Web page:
In December 1988, I ran away because I didn’t like the fact that dad wanted me to stay another year until I passed UME for medicine in his alma Mata, University of Ibadan. You see, I thought he loved me too much and wanted to re-live his youth through me. Anyway, I ran away from home and refused to come back for the holidays. Eventually, hunger forced me back and I accepted to take the exam again. The real reason I accepted as I had joined a bad gang at the University of Lagos (UNILAG) and I wanted out. Through all the wanton living in the hostels, I knew this was not me. I knew I had a better future. So I left the institution and went to Lagos State University (LASU) for medicine. That’s where I met Jesus personally and all my past faded away. The first thing to go was my stammering. And then my self-esteem began to be rebuilt.
Before I got kicked out of medical school, I already knew I wanted to be an entrepreneur and author, as long as I could feed myself. I spent a total of 10 years in the university and eventually finished with a 3rd class honors in biochemistry at LASU. When I dropped out of medicine, I was so angry that I vowed I would be richer than all my mates by the time they were graduating. And so my entrepreneur journey began.
What are those values your parents inculcated in you that shaped what you became today?
I like to tell people I got the best of both worlds. Being the kind of person that I am, I don’t focus on weaknesses in myself or others. My dad is one of the few doctors in Nigeria who will attend to an emergency from nowhere in the middle of the night without discussing fees. He is a very kind man who left the United States and came back home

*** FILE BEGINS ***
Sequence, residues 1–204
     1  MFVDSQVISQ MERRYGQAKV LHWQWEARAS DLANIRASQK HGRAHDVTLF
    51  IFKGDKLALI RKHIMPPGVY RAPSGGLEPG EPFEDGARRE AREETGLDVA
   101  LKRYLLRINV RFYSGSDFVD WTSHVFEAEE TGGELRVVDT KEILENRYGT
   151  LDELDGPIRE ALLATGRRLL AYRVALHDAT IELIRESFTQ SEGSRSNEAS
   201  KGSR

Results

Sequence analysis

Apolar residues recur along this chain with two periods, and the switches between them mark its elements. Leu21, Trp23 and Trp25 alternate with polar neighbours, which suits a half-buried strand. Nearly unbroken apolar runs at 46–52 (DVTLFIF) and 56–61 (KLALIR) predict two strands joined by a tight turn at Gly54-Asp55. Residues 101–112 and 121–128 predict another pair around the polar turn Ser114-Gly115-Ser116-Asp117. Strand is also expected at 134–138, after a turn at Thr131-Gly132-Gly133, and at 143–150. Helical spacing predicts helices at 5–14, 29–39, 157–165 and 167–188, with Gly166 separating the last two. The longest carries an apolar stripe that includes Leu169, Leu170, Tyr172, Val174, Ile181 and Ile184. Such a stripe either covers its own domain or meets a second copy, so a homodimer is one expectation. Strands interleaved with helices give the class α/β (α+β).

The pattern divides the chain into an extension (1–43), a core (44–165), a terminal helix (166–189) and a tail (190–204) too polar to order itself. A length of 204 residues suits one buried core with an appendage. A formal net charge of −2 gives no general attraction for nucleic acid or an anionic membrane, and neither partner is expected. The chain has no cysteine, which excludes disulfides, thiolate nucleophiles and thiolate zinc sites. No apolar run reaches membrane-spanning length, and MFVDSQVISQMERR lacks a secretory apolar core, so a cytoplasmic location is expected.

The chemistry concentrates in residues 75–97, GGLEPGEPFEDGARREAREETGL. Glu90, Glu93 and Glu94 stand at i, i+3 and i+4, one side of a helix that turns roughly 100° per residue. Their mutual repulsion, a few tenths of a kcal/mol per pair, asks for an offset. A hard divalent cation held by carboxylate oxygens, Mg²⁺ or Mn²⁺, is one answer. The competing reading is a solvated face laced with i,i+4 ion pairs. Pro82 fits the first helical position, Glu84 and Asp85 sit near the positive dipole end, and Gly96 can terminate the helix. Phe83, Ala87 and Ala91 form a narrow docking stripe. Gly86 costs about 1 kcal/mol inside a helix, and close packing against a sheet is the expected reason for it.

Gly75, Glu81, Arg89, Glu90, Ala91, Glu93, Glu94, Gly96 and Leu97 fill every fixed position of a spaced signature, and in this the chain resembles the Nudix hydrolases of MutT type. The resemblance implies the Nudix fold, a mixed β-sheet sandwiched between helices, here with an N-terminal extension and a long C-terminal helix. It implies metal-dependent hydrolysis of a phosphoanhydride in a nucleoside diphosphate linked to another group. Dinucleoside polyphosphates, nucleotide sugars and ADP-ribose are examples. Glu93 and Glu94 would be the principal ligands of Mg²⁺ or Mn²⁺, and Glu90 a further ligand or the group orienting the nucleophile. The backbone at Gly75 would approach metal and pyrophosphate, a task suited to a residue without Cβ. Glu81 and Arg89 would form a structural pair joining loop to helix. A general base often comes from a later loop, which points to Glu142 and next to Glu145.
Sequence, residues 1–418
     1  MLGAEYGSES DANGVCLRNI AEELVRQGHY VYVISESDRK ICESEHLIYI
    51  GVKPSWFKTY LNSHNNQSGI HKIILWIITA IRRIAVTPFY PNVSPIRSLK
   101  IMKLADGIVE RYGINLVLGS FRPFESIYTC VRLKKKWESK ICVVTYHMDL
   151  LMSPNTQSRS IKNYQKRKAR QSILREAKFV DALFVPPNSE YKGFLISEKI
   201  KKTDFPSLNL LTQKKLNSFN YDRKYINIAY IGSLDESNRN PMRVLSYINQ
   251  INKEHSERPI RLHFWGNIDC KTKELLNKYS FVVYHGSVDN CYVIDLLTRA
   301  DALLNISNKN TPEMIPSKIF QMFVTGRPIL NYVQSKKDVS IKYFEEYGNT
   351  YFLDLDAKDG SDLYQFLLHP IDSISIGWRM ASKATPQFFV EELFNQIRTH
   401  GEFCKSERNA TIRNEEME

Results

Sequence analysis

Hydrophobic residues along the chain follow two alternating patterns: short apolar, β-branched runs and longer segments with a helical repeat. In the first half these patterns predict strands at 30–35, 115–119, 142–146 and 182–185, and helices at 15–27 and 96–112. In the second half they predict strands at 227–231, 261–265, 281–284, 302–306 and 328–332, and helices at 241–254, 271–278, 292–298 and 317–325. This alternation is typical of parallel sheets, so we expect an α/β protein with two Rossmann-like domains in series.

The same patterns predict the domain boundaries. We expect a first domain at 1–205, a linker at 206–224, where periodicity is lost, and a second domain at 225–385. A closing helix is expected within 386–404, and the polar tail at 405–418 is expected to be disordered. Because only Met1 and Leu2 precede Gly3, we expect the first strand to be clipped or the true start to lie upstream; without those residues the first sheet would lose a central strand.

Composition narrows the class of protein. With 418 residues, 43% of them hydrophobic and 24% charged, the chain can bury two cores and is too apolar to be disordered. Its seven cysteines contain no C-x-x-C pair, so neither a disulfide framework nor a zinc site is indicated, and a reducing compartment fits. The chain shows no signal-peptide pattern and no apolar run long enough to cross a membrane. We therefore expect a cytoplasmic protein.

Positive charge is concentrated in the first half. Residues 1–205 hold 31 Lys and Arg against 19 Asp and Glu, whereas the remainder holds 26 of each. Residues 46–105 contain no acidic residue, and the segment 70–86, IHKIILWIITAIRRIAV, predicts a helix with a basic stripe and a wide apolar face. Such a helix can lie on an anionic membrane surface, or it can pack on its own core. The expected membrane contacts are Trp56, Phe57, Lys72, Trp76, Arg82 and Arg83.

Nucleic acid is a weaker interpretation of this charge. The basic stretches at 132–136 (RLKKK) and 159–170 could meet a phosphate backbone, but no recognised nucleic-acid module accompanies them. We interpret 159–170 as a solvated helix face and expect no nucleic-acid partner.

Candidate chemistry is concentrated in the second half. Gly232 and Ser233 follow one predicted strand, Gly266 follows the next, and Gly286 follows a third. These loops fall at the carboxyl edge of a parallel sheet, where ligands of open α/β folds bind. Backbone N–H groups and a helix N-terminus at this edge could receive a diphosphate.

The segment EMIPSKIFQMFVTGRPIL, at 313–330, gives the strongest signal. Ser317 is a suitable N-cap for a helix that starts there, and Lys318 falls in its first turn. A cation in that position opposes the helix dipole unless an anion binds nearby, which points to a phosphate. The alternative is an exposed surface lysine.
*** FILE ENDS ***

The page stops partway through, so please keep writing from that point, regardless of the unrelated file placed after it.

because he felt his people needed him. I got my dad’s extreme kindness. My mum’s dad (Grandpa Paul Alabi Adesua of blessed memory) built the first story building in our hometown, Omuo Ekiti. He was a very wealthy man in his heydays. My mum got his shrewd entrepreneur-gene and passed it on to me.
Could you explain the journey of your career development and how you weathered the storm to get to where you are today?
I don’t believe in that term’s career development. There’s no such thing as career development in my book. There’s only you. And the quality of life that you live, the career you build, your choice of business, all depend on the quality of the person you become. If you’re mediocre, it doesn’t matter how long you deceive people. Yoruba adage says “Character is like smoke”, it will leak out sooner or later. After getting born again, my standard of excellence naturally improved, as did my expectation of life. I knew I had become a child of God and would not end up as a gravestone. I became filled with the burden to live a shining legacy of success. This has been affecting everything I do. I made a lot of mistakes. But I think the edge I have over a lot of my peers is that I don’t attach my self-worth to my results. I get over mistakes super-fast. So fast that people see me these days and think
I’m just a lucky guy with a bundle of successes. But I just keep pushing. I recover fast. The longest recovery I had was from my first marriage.
Who are those that influenced your life, career growth, and has stood by you?
The first person to inspire me was my dad. He is a super kind man, almost too kind. Growing up, we sometimes had up to 13 people in our house which created money challenges, but I respected my dad for his kindness. A lot of those people he helped are doing very fine today. Mum also is very kind, though tough. She helped hundreds of people to